“It doesn’t really compare to any other experience I’ve had,” Magnussen said about his condensed prep schedule. “This is certainly the very least prepared I’ve ever been to step into a race. But, you know, at the end of the day, […] it’s not the greatest circumstances when you’ve got a driver out because he got hurt in a crash. Luckily, [Felix]’s recovering very well and he’s going to be fine. But yeah, I mean, when you get an opportunity like this, I’m a racing driver and when an opportunity comes to go and drive an awesome race car like an Indy car, I had to take it.”
Magnussen’s IndyCar debut coincidentally comes for the same organisation that started his F1 career. In 2014, Magnussen finished second in the season-opening round in Australia in what would be his only podium in F1.
McLaren bought into the IndyCar team co-owned by Sam Schmidt and Ric Peterson in 2019 and the team has raced with fellow McLaren F1 alumni Fernando Alonso and Juan Pablo Montoya at the Indianapolis 500. This helps bring Magnussen’s career full circle.
“The bumps aren’t a problem. We’re racing drivers, just get on with it!”
“It’s great to be back with the McLaren brand,” Magnussen said. “It’s been home for me for many years, but I spent my whole kind of junior career being a young driver for McLaren in the F1 programme and I have a lot of good memories from that. You know, they gave me […] lots of good memories and in that regard, so nice to be back with that brand. ”
Magnussen spent the last four F1 seasons teamed with Romain Grosjean at Haas F1 before both were released after 2020. Since then, the 2013 Formula Renault 3.5 champion has paid close attention to Grosjean’s IndyCar adventure after the Frenchman signed with Dale Coyne Racing with Rick Ware Racing to race the No. 51 Honda.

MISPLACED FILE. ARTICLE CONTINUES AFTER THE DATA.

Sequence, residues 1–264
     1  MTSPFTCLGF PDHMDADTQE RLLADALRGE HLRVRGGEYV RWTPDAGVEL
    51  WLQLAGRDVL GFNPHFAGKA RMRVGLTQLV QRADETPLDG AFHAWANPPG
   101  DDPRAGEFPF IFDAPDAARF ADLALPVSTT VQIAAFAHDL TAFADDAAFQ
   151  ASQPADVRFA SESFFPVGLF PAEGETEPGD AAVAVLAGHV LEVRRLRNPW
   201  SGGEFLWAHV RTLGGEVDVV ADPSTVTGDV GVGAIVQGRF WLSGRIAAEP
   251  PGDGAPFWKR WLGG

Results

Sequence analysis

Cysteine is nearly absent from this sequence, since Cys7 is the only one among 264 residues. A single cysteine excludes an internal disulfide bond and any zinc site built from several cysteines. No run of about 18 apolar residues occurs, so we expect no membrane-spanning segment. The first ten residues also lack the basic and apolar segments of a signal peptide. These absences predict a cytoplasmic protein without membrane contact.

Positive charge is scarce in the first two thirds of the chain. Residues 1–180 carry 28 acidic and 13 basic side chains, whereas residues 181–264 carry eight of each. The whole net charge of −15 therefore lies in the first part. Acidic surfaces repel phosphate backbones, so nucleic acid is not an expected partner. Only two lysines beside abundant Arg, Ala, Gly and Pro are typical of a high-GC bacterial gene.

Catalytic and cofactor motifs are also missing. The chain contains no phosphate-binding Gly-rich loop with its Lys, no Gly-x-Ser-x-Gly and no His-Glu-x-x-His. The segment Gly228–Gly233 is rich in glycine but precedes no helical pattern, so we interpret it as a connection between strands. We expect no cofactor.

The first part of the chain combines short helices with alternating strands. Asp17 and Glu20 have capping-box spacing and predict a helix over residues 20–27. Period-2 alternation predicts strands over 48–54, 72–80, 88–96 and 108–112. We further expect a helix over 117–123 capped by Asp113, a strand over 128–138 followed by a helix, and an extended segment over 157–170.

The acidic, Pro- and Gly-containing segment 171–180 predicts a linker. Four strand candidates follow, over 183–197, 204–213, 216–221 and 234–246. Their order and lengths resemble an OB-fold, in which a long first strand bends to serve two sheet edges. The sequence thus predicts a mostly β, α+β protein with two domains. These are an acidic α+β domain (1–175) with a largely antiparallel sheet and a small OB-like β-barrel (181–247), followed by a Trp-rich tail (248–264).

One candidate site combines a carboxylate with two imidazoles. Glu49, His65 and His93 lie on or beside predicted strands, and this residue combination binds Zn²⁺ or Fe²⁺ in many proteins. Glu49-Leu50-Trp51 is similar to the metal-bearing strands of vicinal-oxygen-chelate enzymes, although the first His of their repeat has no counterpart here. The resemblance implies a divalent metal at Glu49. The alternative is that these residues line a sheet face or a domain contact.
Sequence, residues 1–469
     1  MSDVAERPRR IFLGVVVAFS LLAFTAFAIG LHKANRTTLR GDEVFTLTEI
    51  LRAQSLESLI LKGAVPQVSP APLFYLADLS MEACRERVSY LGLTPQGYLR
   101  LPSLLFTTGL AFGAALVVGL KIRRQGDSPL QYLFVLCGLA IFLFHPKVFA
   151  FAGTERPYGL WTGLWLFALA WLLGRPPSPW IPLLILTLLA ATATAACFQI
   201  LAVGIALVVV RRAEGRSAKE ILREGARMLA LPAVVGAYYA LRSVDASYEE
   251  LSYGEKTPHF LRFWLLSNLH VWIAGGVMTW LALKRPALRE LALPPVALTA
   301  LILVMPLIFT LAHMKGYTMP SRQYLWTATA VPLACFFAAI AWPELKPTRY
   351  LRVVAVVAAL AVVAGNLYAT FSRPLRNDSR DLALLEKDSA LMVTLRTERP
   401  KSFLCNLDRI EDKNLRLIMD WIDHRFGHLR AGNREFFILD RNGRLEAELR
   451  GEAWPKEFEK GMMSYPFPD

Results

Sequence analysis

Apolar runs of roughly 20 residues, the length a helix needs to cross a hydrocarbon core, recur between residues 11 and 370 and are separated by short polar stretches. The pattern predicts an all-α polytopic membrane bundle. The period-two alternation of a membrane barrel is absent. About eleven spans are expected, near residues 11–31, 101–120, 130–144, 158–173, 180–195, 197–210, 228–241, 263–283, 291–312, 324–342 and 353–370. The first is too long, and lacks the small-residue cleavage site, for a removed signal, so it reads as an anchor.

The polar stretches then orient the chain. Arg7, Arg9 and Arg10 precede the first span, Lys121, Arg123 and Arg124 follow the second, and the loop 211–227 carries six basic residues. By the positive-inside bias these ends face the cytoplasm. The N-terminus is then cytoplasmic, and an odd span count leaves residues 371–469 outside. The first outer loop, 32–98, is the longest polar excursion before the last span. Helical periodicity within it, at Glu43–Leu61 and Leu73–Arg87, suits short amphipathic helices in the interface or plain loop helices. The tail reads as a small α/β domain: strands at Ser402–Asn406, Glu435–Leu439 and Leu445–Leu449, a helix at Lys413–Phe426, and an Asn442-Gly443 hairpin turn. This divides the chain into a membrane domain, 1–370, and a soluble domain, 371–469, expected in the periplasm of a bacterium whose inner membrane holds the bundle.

“I see Romain is doing well and I’m happy to see him,” Magnussen said. “I can see how big of a smile he’s carrying around and he’s certainly enjoying himself around here and he’s had a good season so far as a rookie learning all the new tracks, […] these tracks are difficult, so for him to be doing pole positions already and podiums and it’s pretty impressive to see, so it’s nice.”
Magnussen, meanwhile, signed with Ganassi’s DPi programme with co-driver Renger van der Zande, and so both former Haas drivers have had to spend the last seven months learning all new racing circuits.
Instead of racing at pristine, smooth circuits like Suzuka and Silverstone, Magnussen and Grosjean have driven at Sebring, Detroit and Mid-Ohio Sports Car Course, the latter pair of which both drivers will have raced on by the time 2021 has concluded (Grosjean only tested at Sebring).
“These [North American] tracks, they haven’t really been changed for decades and you feel that character has remained in the track,” said Magnussen. “It’s not a problem that it’s a little bit bumpy. In Europe they complain if there’s a little bump on the track. We’re racing drivers, just get on with it!